A bus collided with a truck in Slovakia on Wednesday, killing at least 12 people and injuring at least 17 more, officials said.
Online news site tvnoviny.sk reported that the bus was carrying high school students.
Health Minister Andrea Kalavska, who was at the site, said four of the people killed were children, but did not release their ages.
The accident occurred in Nitranske Hrnciarovce, about 100 kilometers (60 miles) east of the capital Bratislava at around 1 p.m. (1200 GMT) police and firefighters said.
“At this moment, our thoughts are with the parents who lost their children,” Slovak President Zuzana Caputova said. “We all hope that the number of the victims won’t be rising.”
Slovak Prime Minister Peter Pellegrini called it a “horrible tragedy” and said he was cutting short his visit to Cyprus and heading to the scene.
He offered his condolences to the relatives of the victims.
Firefighters originally put the number of dead at 13 but later lowered it to 12. The injured are treated in nearby hospitals.
Photos from the scene published by the police showed an overturned truck on the road surrounded by gray stones it had been carrying as cargo and the bus on its side in a roadside ditch.
The Arriva company said its bus was traveling from Nitra, near the scene of the accident, to the town of Jelenec. It didn’t say how many people were onboard. It said it is fully cooperating with the rescuers.
Further details were not immediately available.
The spokeswoman for European Commission President Jean-Claude Juncker says he is recovering well from an aneurysm operation and is expected to leave intensive care later Wednesday.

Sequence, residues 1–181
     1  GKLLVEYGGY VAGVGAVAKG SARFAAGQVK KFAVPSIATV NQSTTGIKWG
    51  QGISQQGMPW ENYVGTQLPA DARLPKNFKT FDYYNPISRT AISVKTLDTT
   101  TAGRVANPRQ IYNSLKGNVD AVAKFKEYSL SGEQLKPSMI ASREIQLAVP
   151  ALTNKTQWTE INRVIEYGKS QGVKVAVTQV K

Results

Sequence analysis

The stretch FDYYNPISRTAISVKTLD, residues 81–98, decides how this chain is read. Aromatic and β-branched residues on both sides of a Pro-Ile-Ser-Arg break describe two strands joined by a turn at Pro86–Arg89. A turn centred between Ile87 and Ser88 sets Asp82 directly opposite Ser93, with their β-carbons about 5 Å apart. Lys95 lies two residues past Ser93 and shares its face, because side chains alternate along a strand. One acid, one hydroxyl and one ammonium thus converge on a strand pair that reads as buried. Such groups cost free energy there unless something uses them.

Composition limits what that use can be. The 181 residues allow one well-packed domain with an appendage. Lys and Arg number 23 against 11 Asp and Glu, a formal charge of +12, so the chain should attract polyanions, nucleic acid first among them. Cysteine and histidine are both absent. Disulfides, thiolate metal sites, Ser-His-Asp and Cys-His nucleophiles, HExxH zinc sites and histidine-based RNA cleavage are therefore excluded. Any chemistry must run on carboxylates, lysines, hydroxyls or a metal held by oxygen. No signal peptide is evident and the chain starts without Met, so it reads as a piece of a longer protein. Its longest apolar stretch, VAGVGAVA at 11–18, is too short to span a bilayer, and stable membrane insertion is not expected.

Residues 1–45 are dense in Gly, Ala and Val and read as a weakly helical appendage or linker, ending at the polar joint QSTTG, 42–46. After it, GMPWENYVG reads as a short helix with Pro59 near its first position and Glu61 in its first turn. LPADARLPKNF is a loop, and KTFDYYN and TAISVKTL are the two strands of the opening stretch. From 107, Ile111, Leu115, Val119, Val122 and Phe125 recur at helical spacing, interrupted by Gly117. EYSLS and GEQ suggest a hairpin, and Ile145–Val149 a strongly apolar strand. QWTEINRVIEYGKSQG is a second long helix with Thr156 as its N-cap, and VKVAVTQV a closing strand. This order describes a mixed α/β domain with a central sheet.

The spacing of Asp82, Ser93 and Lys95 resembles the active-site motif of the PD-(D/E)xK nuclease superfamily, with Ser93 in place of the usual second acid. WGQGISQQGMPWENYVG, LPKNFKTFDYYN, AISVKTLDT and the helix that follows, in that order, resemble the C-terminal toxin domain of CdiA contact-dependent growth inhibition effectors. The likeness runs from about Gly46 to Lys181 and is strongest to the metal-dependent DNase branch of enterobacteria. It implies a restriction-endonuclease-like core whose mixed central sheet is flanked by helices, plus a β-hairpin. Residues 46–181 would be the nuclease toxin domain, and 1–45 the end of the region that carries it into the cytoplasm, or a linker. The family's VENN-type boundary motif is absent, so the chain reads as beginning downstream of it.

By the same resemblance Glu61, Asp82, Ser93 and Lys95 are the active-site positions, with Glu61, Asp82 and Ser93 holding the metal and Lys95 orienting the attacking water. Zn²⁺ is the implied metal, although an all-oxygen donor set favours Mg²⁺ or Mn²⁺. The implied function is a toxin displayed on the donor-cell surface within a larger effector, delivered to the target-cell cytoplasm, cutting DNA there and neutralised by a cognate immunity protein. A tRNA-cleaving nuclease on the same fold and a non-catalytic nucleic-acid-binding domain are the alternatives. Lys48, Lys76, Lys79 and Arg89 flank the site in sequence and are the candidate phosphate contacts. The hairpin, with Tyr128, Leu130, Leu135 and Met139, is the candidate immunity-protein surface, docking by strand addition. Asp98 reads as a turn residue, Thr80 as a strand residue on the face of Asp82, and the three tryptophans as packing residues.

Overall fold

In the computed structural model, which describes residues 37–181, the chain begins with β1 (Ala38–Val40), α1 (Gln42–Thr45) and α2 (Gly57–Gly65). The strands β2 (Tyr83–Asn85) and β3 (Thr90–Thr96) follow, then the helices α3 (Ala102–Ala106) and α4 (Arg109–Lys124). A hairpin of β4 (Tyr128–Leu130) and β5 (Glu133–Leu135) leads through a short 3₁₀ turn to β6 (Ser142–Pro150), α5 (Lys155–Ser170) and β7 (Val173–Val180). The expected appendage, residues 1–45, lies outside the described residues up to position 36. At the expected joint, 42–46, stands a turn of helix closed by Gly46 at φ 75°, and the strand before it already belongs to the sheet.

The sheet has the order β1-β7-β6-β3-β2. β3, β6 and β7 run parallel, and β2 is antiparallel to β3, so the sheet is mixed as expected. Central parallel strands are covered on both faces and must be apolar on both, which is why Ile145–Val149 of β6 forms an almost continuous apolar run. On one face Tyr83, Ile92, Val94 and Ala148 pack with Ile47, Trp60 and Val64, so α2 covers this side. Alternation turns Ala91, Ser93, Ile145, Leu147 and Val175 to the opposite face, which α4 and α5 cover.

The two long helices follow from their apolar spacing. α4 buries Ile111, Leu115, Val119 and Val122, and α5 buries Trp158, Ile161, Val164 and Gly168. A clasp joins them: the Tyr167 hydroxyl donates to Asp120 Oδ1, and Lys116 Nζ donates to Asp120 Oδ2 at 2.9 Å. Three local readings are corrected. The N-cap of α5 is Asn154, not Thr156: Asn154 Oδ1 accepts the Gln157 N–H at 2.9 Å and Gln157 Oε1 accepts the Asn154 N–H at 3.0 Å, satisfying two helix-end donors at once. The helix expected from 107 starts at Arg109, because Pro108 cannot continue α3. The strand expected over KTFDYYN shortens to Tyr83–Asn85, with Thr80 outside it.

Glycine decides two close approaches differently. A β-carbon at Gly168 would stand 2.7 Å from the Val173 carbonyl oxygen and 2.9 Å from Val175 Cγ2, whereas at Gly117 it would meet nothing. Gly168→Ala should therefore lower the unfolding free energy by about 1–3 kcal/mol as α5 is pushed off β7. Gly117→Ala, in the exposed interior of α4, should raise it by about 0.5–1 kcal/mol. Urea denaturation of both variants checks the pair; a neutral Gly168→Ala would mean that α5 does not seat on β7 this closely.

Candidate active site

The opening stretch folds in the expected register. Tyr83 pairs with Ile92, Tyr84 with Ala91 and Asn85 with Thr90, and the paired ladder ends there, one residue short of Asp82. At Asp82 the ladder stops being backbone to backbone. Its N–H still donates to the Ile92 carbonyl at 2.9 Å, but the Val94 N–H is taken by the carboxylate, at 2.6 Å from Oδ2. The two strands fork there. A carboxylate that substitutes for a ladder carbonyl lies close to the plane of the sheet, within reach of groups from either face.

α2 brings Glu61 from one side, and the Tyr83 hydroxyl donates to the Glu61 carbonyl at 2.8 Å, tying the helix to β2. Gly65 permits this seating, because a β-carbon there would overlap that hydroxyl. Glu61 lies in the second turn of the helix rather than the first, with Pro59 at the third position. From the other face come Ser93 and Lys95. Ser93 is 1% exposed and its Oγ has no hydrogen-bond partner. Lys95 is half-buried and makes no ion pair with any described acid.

Mina Andreeva said that "his return to office will depend on the speed of his recovery."
The 64-year-old is scheduled to leave office at the end of the month, making room for incoming Commission President Ursula von der Leyen.
Juncker already underwent a gallbladder operation over the summer.
French President Emmanuel Macron marked Remembrance Day on Monday by relighting the flame at the Tomb of the Unknown Soldier under Paris' Arc de Triomphe, below a spectacular giant tricolor flag.
Greeted by Prime Minister Edouard Philippe, Macron laid a wreath and inspected troops during the otherwise low-key ceremony marking 101 years since the Armistice that ended the combat of World War I.
He also stopped by the nearby tomb of French wartime leader Georges Clemenceau.
The rousing sound of military band brass music was slightly muffled by persistent rain for the hundreds of spectators — including former French Presidents Francois Holland and Nicolas Sarkozy — thronging the Champs Elysees avenue, some of whom waved French flags.
Macron was lunching with guests at the Elysee Palace, who include flag bearers and presidents of veterans associations.
The French leader will later inaugurate a monument for the hundreds of soldiers who died in foreign operations since 1963, whom the military calls "the fourth generation of fire."
Since the 1960s, 549 French soldiers have died in 17 theaters of conflict including 141 in Lebanon, 129 in Chad, 85 in Afghanistan and 78 in the former Yugoslavia.
Commemorations were also underway in France's wartime ally, Britain.
The Royal British Legion urged the nation to remember the 100th anniversary of the first two-minute silence observed on Armistice Day by shutting out modern technology and all distractions.
"This year we're asking the nation to pause — mute your phone, close your laptop, switch off the telly — for just two minutes and pay your respects to our Armed Forces community, past and present," the legion said on its website. "Join us at 11 a.m. on 11 November for the two-minute silence."
The HMS Queen Elizabeth held one of the many ceremonies taking place across Britain to mark the day. Posting a short video on Twitter, the ship's crew honored the fallen by spelling out "Lest we Forget" on the aircraft carrier's massive deck.